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Exercise and Neuroplasticity: Benefits of High Intensity Interval Exercise
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  • Journal title : Journal of Life Science
  • Volume 26, Issue 1,  2016, pp.129-139
  • Publisher : Korean Society of Life Science
  • DOI : 10.5352/JLS.2016.26.1.129
 Title & Authors
Exercise and Neuroplasticity: Benefits of High Intensity Interval Exercise
Hwang, Ji Sun; Kim, Tae Young; Hwang, Moon-Hyon; Lee, Won Jun;
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Exercise increases the expression and interaction of major neurotrophic factors such as brain-derived neurotrophic factor (BDNF), insulin-like growth factor-1 (IGF-1), and vascular endothelial growth factor (VEGF) at both central and peripheral tissues, which contributes to improved brain and neural plasticity and cognitive function. Previous findings have been to understand the effect of light or moderate intensity aerobic exercise on neurotrophic factors and cognitive function, not that of high intensity aerobic exercise. However, recent findings suggest that high intensity interval training is a safe, less time-consuming, efficient way to improve cardiorespiratory fitness and weight control, thus American College of Sport Medicine (ACSM)’s guidelines for exercise prescription for various adult populations also recommend the application of high intensity interval training to promote their overall health. High intensity interval training also enhances the expression of BDNF, IGF-1, and VEGF at the brain and peripheral tissues, which improves cognitive function. Increased frequency of intermittent hypoxia and increased usage of lactate as a supplementary metabolic resource at the brain and neural components are considered a putative physiological mechanism by which high intensity interval training improves neurotrophic factors and cognitive function. Therefore, future studies are required to understand how increased hypoxia and lactate usage leads to the improvement of neurotrophic factors and what the related biological mechanisms are. In addition, by comparing with the iso-caloric moderate continuous exercise, the superiority of high intensity interval training on the expression of neurotrophic factors and cognitive function should be demonstrated by associated future studies.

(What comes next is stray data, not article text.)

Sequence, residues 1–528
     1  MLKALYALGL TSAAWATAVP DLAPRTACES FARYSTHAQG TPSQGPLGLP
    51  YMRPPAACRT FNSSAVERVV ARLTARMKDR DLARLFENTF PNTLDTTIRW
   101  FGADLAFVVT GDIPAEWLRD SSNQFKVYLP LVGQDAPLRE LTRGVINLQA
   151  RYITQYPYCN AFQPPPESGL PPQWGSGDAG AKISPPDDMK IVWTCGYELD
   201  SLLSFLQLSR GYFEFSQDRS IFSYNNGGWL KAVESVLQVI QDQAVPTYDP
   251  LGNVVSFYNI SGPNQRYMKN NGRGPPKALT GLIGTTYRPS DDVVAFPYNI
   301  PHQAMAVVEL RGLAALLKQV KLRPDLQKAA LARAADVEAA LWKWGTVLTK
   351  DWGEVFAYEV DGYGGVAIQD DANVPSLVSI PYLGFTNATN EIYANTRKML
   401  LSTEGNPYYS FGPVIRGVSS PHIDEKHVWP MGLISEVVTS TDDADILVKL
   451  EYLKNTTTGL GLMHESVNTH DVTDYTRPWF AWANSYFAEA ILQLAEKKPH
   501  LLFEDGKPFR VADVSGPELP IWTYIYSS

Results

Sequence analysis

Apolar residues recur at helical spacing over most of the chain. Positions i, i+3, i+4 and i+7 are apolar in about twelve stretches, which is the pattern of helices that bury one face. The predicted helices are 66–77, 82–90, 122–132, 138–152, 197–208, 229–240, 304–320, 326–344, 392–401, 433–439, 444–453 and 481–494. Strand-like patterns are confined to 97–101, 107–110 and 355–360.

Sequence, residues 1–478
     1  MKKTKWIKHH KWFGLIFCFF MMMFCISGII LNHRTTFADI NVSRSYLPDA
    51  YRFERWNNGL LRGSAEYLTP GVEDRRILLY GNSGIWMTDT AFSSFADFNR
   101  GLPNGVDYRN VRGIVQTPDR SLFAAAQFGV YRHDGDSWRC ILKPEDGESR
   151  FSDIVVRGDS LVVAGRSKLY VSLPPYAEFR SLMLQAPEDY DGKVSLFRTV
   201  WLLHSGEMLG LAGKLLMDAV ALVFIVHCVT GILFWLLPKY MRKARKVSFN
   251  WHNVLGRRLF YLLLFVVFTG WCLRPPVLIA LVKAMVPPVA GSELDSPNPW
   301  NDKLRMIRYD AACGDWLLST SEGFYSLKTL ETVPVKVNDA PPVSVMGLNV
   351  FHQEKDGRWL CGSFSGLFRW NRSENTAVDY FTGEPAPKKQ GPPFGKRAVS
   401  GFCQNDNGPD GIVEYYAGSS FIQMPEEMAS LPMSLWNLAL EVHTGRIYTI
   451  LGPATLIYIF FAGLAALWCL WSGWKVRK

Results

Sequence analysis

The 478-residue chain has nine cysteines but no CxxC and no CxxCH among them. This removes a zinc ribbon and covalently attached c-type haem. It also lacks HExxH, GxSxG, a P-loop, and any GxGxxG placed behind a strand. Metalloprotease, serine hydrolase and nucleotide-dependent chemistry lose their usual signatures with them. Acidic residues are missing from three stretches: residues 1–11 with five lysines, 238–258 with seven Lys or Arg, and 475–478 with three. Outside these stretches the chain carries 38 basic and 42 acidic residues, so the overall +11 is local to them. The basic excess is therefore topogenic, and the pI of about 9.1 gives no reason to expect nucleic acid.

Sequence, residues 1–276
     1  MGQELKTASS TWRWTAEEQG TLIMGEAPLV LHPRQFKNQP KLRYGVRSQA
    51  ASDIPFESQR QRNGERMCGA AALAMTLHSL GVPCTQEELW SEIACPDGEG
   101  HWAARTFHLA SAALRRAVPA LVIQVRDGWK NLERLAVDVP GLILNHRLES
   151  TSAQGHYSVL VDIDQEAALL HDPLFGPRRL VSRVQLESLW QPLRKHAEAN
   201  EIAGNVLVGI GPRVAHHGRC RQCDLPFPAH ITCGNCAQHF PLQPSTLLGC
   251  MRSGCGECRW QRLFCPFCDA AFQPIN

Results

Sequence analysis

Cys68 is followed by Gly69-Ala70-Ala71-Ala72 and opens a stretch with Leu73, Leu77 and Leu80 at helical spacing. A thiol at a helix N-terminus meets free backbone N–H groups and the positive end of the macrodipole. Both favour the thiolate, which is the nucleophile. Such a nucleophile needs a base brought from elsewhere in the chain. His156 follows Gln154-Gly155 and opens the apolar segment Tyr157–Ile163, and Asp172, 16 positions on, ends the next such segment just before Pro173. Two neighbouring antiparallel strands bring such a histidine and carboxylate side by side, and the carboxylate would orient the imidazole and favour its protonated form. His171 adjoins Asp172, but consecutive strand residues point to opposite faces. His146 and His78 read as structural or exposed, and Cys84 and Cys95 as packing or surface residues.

Cognitive function;high-intensity interval exercise;hypoxia;lactate;neurotrofic factors;
 Cited by
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